Houses in Mendoza are heated with small gas heaters. No central heat and air here. Before going to sleep I turned off the small wall heater in our room and didn't think twice about it.
I wasn't sure if the gas needed to be turned off at the wall like I had to do when I lived in a 1920's Austin bungalow. And I wasn't sure if the egg-smelling sulfer compound is added to natural gas in Argentina. What a perfect story from South America: American Couple's room catches fire after gas is left on! John was asleep and I didn't want to wake him in case I was over-thinking the situation.
I opened a window so we wouldn't pass out if carbon monoxide or gas filled the room. After ten more minutes of worrying, I woke John up and told him I was concerned about the gas valve. He didn't seemed too worried, but bless his heart - he got up, took a look and then went downstairs to ask the B&B employee. Since we couldn't find anyone, he got on the computer and attempted to google us out of this quandry to no avail.
As precautionary measures, we opened the window and door and closed the gas valve in our room, before going back to bed at 3am. We were so exhausted, we slept better then we have since we arrived.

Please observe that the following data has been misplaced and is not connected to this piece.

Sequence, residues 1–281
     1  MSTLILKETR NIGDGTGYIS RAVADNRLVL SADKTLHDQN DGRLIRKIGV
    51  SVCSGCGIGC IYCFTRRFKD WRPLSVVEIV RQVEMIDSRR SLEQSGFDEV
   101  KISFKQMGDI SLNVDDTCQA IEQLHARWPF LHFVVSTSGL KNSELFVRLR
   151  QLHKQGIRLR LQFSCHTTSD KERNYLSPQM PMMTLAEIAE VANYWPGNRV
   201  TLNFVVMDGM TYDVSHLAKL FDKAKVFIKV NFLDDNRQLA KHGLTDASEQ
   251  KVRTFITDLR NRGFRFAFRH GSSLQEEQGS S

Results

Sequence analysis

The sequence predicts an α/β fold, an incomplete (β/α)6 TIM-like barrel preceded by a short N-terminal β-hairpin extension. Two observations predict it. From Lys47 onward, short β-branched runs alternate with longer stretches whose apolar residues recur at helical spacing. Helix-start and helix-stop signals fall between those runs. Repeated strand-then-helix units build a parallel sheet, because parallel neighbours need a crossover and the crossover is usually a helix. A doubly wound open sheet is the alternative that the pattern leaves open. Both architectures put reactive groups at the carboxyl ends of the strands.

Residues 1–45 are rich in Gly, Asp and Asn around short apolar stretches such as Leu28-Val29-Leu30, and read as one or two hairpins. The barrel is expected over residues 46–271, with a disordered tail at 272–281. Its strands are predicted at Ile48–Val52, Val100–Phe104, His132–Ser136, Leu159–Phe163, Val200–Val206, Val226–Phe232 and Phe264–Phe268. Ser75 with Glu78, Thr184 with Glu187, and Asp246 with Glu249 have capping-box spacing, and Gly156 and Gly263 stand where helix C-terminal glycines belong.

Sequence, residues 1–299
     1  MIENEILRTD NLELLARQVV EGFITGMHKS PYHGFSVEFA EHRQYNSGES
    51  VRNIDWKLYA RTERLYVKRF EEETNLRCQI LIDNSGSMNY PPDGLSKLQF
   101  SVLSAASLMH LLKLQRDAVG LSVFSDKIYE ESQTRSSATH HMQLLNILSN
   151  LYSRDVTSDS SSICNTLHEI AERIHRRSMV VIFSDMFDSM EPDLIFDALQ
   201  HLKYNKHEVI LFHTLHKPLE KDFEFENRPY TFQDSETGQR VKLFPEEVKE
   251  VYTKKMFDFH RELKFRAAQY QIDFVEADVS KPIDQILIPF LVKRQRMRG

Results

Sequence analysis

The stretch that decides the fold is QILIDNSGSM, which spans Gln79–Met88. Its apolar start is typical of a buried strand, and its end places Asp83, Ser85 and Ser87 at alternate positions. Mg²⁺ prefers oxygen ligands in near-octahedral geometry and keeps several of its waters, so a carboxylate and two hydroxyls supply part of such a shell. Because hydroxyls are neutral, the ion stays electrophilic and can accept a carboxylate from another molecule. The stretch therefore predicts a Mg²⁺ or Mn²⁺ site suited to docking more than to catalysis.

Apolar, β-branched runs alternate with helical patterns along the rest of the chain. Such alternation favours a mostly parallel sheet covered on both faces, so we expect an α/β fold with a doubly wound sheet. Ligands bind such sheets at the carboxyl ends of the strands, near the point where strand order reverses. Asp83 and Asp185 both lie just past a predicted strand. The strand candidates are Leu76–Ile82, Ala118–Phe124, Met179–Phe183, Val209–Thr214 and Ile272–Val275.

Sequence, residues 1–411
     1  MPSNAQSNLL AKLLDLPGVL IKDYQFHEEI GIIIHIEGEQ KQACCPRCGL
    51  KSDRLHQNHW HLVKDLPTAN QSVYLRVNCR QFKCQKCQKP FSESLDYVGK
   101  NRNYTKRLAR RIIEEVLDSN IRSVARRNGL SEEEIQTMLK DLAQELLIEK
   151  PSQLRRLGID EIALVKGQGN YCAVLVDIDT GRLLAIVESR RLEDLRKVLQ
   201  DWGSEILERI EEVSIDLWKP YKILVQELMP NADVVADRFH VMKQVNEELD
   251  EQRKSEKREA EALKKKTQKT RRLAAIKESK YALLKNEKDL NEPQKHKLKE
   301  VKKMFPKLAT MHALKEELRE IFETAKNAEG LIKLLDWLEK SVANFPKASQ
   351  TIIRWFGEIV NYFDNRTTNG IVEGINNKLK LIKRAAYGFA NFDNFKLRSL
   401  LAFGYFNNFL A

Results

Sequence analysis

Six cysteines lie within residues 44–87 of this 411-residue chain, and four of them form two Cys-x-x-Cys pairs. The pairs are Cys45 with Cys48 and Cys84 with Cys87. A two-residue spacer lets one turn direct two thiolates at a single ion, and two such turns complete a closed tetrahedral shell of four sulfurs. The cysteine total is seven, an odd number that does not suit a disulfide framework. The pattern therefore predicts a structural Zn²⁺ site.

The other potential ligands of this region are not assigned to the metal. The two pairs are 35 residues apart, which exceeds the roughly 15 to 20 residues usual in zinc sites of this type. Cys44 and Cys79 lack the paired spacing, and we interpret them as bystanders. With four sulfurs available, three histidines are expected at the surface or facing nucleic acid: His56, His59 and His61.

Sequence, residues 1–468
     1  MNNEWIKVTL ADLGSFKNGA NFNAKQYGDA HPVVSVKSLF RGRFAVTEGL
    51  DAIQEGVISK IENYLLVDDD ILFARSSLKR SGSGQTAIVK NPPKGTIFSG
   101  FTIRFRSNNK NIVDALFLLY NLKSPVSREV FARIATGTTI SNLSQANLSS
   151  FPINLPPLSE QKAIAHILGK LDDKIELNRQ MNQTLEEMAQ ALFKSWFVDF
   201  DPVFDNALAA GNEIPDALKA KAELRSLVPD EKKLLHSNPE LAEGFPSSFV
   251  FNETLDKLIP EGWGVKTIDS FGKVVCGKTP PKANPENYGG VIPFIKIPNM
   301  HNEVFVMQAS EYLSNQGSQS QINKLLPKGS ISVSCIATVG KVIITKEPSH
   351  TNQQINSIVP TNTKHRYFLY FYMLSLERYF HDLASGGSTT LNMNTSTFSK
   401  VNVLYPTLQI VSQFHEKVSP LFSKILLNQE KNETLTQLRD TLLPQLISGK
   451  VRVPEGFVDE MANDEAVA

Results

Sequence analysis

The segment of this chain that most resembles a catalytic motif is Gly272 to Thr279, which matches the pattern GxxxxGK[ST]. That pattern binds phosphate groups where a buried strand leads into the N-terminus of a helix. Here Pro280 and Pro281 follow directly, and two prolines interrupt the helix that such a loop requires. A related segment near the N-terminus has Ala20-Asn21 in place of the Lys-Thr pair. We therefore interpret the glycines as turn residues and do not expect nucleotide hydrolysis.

The next morning the B&B owner assured us we had nothing to worry about, and that the gas shut off when I turned the heater off. John and I laughed about the situation. Unfortunately we started spanish class on four hours of sleep.
I was looking forward to starting spanish class. After a week of trying to speak it, I realized how little I know and how little I can say. Here's what I know after 3 days of 4-hour classes: learning Spanish is hard! I didn't realize how many different verb tenses there are, and my ignorance was bliss. My class level is too advanced for me, and I struggle to keep my head above water. I sit wide-eyed, listen to the teacher, and try to make sense of her words. Although frustrated, I remain patient and motivated.
|in front of our language school|